• 301 Redirect
    A way to make one web page redirect the visitor to another page. Whenever you change the web address of a page, apply a 301 redirect to make the old address point to the new one. This ensures that people who have linked to or bookmarked the old address wi
  • ALT Text/Tag or Attribute
    A description of an image in your site's HTML. Unlike humans, search engines read only the ALT text of images, not the images themselves. Add ALT text to images whenever possible.
  • Anchor Text
    The actual text of a link to a web page. On most websites, this text is usually dark blue and underlined, or purple if you've visited the link in the past. Anchor text helps search engines understand what the destination page is about; it describes what y
  • Blog
    A part of your website where you should regularly publish content (e.g. commentary on industry/company topics, descriptions of events, photos, videos, etc.). Each blog post on your website is a new page that a search engine sees, and therefore a new oppor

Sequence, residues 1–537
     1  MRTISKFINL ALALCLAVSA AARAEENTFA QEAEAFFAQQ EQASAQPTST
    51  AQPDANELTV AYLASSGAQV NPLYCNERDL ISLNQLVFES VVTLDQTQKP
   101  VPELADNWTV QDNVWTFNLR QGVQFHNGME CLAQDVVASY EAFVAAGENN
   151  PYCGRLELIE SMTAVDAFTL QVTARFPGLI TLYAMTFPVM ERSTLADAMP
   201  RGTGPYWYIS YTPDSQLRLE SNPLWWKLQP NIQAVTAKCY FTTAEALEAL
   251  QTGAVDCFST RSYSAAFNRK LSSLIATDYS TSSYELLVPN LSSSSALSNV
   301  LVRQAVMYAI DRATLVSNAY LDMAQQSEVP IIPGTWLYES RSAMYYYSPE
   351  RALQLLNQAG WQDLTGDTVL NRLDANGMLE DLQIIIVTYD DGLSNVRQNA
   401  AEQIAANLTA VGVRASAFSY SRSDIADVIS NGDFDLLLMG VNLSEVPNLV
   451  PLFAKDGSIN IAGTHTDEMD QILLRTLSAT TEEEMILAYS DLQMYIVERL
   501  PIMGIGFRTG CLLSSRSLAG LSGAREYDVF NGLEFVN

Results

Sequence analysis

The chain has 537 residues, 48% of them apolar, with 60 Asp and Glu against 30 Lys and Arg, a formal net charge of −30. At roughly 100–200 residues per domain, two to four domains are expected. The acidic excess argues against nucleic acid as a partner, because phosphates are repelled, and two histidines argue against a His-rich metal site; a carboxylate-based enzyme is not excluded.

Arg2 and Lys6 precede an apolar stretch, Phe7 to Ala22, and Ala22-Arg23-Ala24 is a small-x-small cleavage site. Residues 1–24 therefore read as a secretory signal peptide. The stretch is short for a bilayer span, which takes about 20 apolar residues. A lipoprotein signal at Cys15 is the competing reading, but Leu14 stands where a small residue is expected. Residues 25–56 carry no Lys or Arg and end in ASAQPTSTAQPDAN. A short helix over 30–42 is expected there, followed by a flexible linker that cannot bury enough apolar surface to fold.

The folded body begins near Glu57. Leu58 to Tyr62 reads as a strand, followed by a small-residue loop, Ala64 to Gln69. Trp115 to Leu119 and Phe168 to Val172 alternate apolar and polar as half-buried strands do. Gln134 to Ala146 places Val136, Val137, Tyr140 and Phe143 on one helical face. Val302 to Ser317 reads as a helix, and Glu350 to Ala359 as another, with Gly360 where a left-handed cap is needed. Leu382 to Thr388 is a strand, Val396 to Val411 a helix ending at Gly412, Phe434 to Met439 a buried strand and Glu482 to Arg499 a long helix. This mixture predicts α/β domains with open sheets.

• Bookmark
    A link to a website saved for later reference in your web browser or computer. Social bookmarking sites (example: Delicious.com) let users share websites they like with each other. Having links to your site in social bookmarking sites is a sign to crawler
  • Content
    Content is the information contained in text, visual images, audio sounds and video formats providing value to Internet users. In SEM (Search Engine Marketing), unique, relevant content is one of the most important variables in attracting repeat visitors, inbound links to positively impact search engine page rank.
  • Canonical URL
    The canonical URL is the best address on which a user can find a piece of information. Sometimes you might have a situation where the same page content can be accessed at more than one address. Specifying the canonical URL helps search engines understand
  • Conversion Form